Consumer Sentiments And Employee Insights From Fourth Quarter 2014

Real comments from online review sites can help credit unions address dead zones in their application approval process, reduce the burden in employee reporting, and serve members whose schedules and preferences conflict with the institution’s service delivery strategy.

 
 

 Comments

“I know it’s not convenient for everyone to have a cash-free branch, but I’ve been with them for years and I have never had a problem with it. In fact, completing my transactions at the snapshot ATM is very easy, and I like that I can do my banking at 3 a.m. if I want to.”

— Maria C., Yelp.com

“The ‘cashless’ branches have ATMs that are frequently broken. If something happens to your ATM card, and it will, you have to go all the way downtown to get cash.”

— Sarah S., Yelp.com

“They rely heavily on snail mail [and] are unwilling to do anything via phone, fax, or Internet. Your choices: visit a local branch or snail mail.”

— Whatever1300, CreditKarma.com

Lesson

Different members have different needs, schedules, and time constraints. Even if you have a specific vision for how and where members will conduct credit union business, you still need to siphon off a portion of your budget to create backup options for those outside the norm.

For example, can members access 24-hour, image-capturing ATMs? Will the credit union reimburse third-party terminal fees? Can members without branch access schedule video or phone conversations with credit union employees to get help with complex, non-transactional needs like a mortgage or investments? If not, you’re saving dollars at the cost of your membership. 

 Comments

“Having a home mortgage for 20 years and two paid-off car loans, both with no late fees and every payment on time, we thought [the credit union] would help up regain our credit after our [bankruptcy]. Their refusal letter was sent to us within a few hours of our application. We received better treatment and a competitive rate at a bank we had no accounts with.”

— Retied1961, CreditKarma.com

“I applied for a personal loan and an auto loan with [the credit union], both were declined. I don’t have perfect credit but a 705 and all my current accounts are in good standing with a debt-to-income ratio of 10%. I can get a loan from ANY car dealer in the area I live in but not from my own credit union.”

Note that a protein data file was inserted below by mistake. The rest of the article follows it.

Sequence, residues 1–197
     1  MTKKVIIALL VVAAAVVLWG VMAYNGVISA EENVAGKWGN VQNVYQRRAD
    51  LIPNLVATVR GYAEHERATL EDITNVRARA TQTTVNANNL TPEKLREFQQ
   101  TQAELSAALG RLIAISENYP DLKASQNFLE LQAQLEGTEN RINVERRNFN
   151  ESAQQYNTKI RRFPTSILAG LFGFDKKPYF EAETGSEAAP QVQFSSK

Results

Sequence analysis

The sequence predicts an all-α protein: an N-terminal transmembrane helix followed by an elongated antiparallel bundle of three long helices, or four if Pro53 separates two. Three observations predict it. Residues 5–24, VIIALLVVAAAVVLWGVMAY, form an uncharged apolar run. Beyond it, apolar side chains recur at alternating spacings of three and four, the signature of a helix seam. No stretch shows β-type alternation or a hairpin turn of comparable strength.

— Ckevroll, CreditKarma.com

Lesson

It takes a lifetime to build a reputation and seconds to destroy it. This is especially true of loan applications. Closely monitor your approvals and denials to catch errors in your risk model criteria early on. Likewise, make sure you’re not denying applications because an employee misunderstands a policy or a qualified staff member can’t override an initial decision.

For credit unions that rely on automatic decisioning, watch for declines triggered by wrong addresses and typos, and determine how to follow up with denied applicants. A human conversation with these members might clarify their needs and financial responsibilities. 

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 Comments

“Yes, the online banking is great. Yes, the rates are competitive. Yes, the banking products are solid. But what’s that all mean when there are 50 other credit unions that offer the same array of products?”

— Anonymous, CreditKarma.com

“[The credit union] offers excellent starting salary, great benefits including 0% employee loans.” 

— Current Employee, Glassdoor.com

Lesson

It’s not mimicry so much as mastery that catches people’s attention — members and employees alike. So go ahead and take inspiration from Chipotle, Starbucks, or Apple, but also take a look at your own distinct strengths, such as the personalities of your staff and the products or benefits you offer that no one else does. Develop these traits and an awe-worthy brand identity is sure to follow.

 Comment

“Cut down on the long, drawn-out, unnecessary reports. IT can provide a lot of what you need rather than burdening employees who are already overworked with the task of itemizing every single one of their responsibilities. Most of all stop the unnecessary manipulations to extract information from employees. Just ask employees what it is that you need.”

— Former Employee, Glassdoor.com

Lesson

There’s a difference between an inquiry and an inquisition. If tracking performance is your primary goal, then consider using an automated solution that takes the burden off front-line employees. In addition, let employees see the information collected and give them the opportunity to correct shortcomings on their own.

If you’re after feedback for things like process improvement, keep all communications voluntary. If employees need an extra push, consider offering an incentive for higher levels of participation.

 
 

April 19, 2015


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